“Slow down and enjoy the simple pleasures in life.”
If there’s something I’ve learnt by years of travelling across India, it’s the art of living one moment at a time. Whenever you plan out your travels, I am sure that most of you list down the top things to do. In fact, thanks to the constraints in life, sometimes, we even try to squeeze in a hefty lot of things and set unrealistic targets for the day.
I’ve done the same thing a number of times. Most of the times, I’m caught by this not so pleasant thought- “I have no clue if I can ever come back to this place again, so I would rather tick everything off the itinerary.”
But let me ask you a simple question—what’s the point of spending hundreds and thousands of penny in a place when you cannot invest your time to appreciate the beauty of it? This simple thought caught me when I went to Spiti in November, 2019. I’ll tell you how.
I’m not a full time traveler yet. I have to work my ass off throughout the year to earn those holidays where I can do the things I love the most. For Spiti, I had like ten days to explore and get wasted in its beauty. And as life would have it, my frequent travel plans only allow me to backpack, HRTC buses, inexpensive rest houses and even hiking to save money—hence, that means I spent around 2.5 days to reach Spiti and another 2.5 days for my trip back to Delhi (I took the Shimla-Kinnaur-Kaza route as the route via Manali was closed by then). That effectively means 5 days of solely exploring Spiti Valley, which is way too less considering Spiti is huge and has many corners to explor
The first few days were smooth like knife on a molten butter—the beauty of the place radiating in corners and touching the deepest corners of my heart. Now, let me tell you, November in Spiti is a winter venture. By the end of October, Spiti starts receiving a lot of snowfall that cuts it off from the rest of Himachal Pradesh. But thankfully, it didn’t snow during the first two days. The sun shone high up in the mountains and the breeze gave me chills down my spine. In the first two days, we were stunned by the beauty of the Pin Valley, a place that I will forever be thankful for. The night when I got back from Pin Valley was all about sipping on some local wine and hearing stories from our caretaker. I also planned how the following day I would visit Langza and Hikkim, as these are the places I really wanted to explore. I was excited as hell. Soon, sleep struck me and I was fast asleep.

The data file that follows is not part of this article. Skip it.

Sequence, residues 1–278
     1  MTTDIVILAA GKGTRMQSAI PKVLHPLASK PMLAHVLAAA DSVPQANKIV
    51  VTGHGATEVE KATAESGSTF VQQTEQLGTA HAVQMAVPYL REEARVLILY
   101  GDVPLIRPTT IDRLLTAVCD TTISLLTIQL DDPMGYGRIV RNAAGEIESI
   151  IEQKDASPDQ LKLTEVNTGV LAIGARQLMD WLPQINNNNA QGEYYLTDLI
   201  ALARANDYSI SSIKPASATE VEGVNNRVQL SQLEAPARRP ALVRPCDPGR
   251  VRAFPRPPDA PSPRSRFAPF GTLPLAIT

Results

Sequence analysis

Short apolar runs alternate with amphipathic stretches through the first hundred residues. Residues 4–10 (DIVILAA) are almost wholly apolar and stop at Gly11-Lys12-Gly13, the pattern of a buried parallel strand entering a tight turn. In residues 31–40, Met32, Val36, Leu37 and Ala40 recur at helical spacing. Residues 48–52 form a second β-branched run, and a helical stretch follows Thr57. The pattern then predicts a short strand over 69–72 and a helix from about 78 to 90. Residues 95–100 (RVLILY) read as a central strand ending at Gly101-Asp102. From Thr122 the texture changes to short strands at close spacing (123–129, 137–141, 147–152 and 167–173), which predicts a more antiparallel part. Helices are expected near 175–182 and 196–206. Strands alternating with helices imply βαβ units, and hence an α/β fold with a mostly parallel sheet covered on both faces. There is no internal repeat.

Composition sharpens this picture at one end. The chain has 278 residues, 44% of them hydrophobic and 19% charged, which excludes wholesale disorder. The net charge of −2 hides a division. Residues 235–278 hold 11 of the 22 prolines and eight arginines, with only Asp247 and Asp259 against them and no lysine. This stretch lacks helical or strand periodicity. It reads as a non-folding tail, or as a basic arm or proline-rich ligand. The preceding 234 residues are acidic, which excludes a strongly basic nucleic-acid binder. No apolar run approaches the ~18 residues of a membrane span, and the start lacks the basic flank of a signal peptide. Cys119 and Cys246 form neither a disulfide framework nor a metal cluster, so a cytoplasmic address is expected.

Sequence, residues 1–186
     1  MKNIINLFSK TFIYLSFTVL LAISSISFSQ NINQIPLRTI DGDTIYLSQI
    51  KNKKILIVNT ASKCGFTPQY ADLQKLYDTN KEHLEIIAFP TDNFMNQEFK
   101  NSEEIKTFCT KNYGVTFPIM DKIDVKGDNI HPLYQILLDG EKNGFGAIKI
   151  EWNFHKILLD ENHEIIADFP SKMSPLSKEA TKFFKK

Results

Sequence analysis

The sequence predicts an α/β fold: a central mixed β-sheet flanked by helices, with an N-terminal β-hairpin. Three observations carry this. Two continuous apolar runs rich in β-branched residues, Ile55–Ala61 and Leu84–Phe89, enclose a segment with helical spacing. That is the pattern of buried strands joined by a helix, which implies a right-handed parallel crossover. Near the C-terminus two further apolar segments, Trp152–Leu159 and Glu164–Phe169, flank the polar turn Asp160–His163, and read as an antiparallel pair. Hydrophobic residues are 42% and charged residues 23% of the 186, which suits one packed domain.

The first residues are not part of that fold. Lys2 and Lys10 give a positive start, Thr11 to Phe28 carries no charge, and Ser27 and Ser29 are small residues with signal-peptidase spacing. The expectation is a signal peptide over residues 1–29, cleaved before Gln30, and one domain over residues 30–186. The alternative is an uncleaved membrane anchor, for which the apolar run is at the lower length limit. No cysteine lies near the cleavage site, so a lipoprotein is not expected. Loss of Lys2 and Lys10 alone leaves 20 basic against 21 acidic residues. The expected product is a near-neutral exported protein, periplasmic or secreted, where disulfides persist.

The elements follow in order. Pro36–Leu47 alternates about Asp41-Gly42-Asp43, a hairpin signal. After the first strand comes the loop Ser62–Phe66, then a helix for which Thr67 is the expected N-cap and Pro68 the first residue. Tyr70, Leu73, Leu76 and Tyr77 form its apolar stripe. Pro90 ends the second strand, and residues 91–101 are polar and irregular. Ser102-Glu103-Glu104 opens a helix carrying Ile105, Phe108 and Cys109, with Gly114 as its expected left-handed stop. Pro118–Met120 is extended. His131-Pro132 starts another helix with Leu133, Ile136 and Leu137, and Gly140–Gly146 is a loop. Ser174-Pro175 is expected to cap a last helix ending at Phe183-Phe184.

The next morning, something unexpected happened. I woke up to chilly vibes and struggled to find my glasses underneath my pillow. But thanks to my carelessness, I could not locate it. So I dropped the idea of wearing my glasses and headed straight to the window. I removed the wooden pane and I was shocked. With an unclear vision, I saw a white mist fogging the window glasses. It was snowing! Despite seeing snow so many times in my life, my happiness knew no bounds. I rushed out of the rest house and started dancing in the snow. I could feel the snow falling on my face and melting straight after. Happiness was all around me.
Soon, I realized something. It snowed throughout the night, which ideally means that most of the roads heading to the upper towns would be blocked. We rushed out, asking the locals if it’s a good idea to take the car to the upper reaches of the valley when the weather told us otherwise. Most people suggested us to drop the idea, and even warned us that the weather forecast says how it is going to snow for at least two more days. With a heavy heart, I had to drop the plan. Snow kept healing my sadness while I longed to tick those places off my bucket list.
Thankfully, we could connect with a driver, who offered to go until Kibber, and even beyond if the roads permit us. With a ray of hope, we hopped into the car—and then wished to cover every place that day. However, on reaching Kibber, we saw a group of men who were struggling to drive due to snow. Their Scorpio kept sliding and I panicked at the sight. That made me change my mind. We decided to move downwards from Kibber to Key, and spend rest of the time in the monastery instead.
I kept telling myself, what’s the point? What’s the point of all the hassle if you simply cannot enjoy whatever you could? Soon after, we reached Key. Unlike many others, we spent at least three hours inside the monastery- exploring corners and seeing the world around us gradually disappearing underneath a thick blanket of snow. One of the monks even accompanied us and narrated stories of one corner at a time. I was entirely lost in the moment. My regrets vanished in a jiffy.
The next few days were all about enjoying every moment. I didn’t rush, I didn’t long to tick places off my plan. I just kept breathing in and out, and enjoyed what is, without worrying about what will be.